Egypt’s persistent train accidents blamed on negligence

Lack of maintenance, negligence mainly behind Egypt's recurrent train accidents


by Marwa Yahia

Deemed the first in Africa, Egypt’s railways network has always been a source of pride. However, its performance in recent years has been tainted with negligence and lack of maintenance, which caused many accidents that claimed hundreds of lives.

Over the past 15 years, more than 1,500 people lost their lives in train collisions and derailments.
On Thursday, a passenger train derailed in Upper Egypt’s governorate of Beni Suef, leaving at least 70 people injured.

In March last year, seven people were killed when a train collided with a school bus on an unauthorized railway crossing east of Cairo.

In November 2012, a train in the Upper Egyptian province of Assiut hit a school bus, leaving 48 dead, 44 of them children.

But the deadliest disaster occurred in February 2002 when 370 people were killed in a fire that gutted a train in south of the capital.


“The main reason for these accidents is people’s actions,” says Samy Mokhtar, head of the Egyptian Association for Road Victims Care.

He explains that there are two types of railroad track crossings. The first one is formally constructed and overseen by the Egyptian Railway Authority (ERA), while the second is illegally built by residents in rural areas to facilitate the crossing of animals, carts and cars.

The illegal crossings are more prone to accidents due to their poor construction and lack of oversight, Mohktar told Xinhua.

According to the Central Administration of Railway and Engineering, the number of formal crossings is 1,337 while the illegally built ones is at a whopping estimate of 4,000.

“People don’t follow instructions while crossing railway lines,” Mohktar said, blaming also the government for not paving more roads near rural villages, which force residents to pass through illegal crossings.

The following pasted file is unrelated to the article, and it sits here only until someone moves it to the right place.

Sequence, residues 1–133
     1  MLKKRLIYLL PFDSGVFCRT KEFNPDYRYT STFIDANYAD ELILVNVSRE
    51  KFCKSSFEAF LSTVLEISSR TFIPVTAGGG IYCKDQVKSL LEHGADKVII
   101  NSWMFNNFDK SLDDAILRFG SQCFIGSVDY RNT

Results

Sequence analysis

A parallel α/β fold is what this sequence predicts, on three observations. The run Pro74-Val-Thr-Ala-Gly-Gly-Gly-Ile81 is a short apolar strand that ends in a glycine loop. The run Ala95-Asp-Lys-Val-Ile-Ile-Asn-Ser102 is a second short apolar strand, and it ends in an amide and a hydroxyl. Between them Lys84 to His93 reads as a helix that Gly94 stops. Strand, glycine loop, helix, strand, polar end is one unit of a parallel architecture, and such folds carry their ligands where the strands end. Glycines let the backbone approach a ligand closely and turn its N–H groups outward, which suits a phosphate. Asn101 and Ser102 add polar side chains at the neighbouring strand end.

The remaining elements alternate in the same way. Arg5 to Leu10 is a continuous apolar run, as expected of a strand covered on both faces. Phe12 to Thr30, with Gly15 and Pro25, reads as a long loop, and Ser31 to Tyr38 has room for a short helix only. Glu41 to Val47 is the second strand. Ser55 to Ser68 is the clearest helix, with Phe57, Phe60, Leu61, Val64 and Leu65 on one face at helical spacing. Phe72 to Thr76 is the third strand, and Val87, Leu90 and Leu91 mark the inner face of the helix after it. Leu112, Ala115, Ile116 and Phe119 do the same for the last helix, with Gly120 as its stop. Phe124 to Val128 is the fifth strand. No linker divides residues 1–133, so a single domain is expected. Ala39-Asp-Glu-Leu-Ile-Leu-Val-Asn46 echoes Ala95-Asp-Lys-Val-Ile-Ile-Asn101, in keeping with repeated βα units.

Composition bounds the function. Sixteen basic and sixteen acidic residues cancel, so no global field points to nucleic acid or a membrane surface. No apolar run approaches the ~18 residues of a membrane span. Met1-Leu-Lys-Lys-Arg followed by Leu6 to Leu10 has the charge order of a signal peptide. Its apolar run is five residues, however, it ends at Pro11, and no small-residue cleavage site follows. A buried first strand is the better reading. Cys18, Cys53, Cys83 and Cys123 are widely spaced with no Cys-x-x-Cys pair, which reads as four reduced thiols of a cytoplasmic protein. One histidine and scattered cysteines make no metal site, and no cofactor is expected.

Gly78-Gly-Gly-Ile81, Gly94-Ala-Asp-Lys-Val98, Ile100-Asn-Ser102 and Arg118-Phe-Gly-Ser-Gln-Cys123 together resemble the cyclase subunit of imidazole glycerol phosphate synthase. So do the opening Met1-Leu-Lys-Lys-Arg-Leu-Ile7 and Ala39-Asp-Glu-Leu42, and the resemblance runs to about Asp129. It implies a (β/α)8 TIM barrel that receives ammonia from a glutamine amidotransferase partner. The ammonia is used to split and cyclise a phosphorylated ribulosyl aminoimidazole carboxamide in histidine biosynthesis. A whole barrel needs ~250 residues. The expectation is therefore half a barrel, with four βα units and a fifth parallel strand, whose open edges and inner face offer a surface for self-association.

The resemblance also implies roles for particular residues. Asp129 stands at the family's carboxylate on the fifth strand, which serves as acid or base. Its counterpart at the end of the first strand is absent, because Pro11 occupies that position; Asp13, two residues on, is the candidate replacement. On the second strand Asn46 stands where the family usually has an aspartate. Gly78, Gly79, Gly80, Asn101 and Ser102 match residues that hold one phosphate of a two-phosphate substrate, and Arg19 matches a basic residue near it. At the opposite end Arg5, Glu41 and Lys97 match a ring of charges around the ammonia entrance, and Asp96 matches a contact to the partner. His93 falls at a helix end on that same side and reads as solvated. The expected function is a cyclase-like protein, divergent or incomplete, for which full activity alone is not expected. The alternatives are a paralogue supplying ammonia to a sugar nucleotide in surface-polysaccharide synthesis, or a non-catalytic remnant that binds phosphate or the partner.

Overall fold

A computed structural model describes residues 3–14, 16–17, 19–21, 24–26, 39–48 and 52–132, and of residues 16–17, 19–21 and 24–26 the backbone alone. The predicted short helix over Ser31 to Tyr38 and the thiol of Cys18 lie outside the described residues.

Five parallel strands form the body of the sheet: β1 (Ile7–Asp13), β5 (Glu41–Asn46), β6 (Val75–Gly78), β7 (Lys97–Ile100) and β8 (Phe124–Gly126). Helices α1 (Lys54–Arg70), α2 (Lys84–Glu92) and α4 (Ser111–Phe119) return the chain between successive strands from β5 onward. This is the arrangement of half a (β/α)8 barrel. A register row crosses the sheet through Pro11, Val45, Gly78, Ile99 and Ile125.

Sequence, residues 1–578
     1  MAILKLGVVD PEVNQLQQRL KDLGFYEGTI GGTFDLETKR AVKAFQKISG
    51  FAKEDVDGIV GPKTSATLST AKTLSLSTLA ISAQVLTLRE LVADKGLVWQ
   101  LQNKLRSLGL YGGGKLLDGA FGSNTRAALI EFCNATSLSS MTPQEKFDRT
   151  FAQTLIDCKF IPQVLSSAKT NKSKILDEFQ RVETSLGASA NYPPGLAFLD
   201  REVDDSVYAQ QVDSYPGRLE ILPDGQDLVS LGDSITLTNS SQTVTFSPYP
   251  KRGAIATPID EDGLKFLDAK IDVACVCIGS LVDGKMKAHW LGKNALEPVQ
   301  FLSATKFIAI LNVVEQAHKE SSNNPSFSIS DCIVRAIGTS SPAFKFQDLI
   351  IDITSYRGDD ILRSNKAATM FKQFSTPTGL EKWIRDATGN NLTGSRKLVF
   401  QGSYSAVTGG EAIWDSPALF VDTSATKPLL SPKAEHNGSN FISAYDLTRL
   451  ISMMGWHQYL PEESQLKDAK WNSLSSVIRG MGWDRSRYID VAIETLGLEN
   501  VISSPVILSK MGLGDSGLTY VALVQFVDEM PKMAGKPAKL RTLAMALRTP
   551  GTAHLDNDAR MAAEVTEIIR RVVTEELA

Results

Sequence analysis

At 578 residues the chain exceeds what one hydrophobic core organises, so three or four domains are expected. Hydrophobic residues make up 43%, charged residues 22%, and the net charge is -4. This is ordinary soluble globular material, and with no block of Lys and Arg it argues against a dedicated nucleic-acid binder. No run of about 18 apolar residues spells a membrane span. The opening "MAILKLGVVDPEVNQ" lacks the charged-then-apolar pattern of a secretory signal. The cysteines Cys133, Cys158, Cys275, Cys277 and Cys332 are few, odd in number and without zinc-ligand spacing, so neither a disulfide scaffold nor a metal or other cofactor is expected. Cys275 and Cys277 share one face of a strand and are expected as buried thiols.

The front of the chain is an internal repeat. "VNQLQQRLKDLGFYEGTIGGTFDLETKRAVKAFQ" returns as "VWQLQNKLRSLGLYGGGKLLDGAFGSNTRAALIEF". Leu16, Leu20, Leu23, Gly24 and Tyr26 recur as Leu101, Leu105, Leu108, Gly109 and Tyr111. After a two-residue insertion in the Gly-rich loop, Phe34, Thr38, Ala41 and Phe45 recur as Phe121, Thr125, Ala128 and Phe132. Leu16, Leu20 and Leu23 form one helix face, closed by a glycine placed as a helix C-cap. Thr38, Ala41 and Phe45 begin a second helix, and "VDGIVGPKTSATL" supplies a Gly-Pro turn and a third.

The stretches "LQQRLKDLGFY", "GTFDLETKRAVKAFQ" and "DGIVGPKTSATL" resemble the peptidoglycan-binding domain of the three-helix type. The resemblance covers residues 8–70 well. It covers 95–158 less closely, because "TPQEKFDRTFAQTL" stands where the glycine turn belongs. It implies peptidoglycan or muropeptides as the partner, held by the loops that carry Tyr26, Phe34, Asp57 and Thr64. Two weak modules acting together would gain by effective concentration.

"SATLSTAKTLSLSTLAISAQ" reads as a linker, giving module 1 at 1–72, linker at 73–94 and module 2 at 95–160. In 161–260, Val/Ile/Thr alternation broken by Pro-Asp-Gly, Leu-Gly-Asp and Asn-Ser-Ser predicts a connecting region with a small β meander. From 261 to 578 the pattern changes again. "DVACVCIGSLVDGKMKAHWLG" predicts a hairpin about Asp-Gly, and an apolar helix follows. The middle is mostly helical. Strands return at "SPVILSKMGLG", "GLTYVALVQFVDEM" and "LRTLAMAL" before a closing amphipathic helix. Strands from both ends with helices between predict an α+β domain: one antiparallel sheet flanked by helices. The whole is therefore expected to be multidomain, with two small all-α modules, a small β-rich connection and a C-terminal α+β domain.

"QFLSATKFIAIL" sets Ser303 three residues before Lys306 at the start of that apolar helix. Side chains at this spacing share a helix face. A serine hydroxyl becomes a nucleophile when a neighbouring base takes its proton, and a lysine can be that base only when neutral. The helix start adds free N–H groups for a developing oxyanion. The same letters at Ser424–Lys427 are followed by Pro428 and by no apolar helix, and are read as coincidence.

At the same time, he called for opening the door to investments from Arab and other foreign countries to help the government fund projects improving the railways system.

Developing the train control system, crossings and signals need at least 70 billion pounds (8.9 billion dollars), said Hussein Fadaly, former head of the Egyptian Railway Authority.


Development of the rail system in Egypt started as early as 1858, making the most-populous Arab country only the second after Britain at that time.

“Now, Egypt ranks 78 worldwide in railways,” Mohktar said.

Over the past three years, Egypt saw nearly 760 train accidents, according to recent statistics released by the Egyptian Transport Ministry.

Fadaly, for his part, lamented the current dependence on humans at the majority of railway crossings.
“The ERA still depends totally on humans, who don’t abide by instructions to the letter,” Fadaly, said. “As far as humans are concerned, there could always be errors.”

He noted that 85 percent of the railway signal systems are mechanical and run manually; only 15 percent are electric, but the systems are very old and lack spare parts.

Like Mokhtar, Fadaly also blamed the crossings, whether legal or illegal, for many of the accidents.
Even the legal crossings need maintenance, he stressed, adding that the construction of one crossing costs the government 3 million Egyptian pounds (about 382,000 U.S. dollars.)

Another problem plaguing the railway system is the theft of switchers, metal nails and other spare parts, which also result in accidents and derailments. Authorities put the losses from such thefts at 38 million pounds (about 4.5 million dollars) in 2012. Enditem

Source: Xinhua

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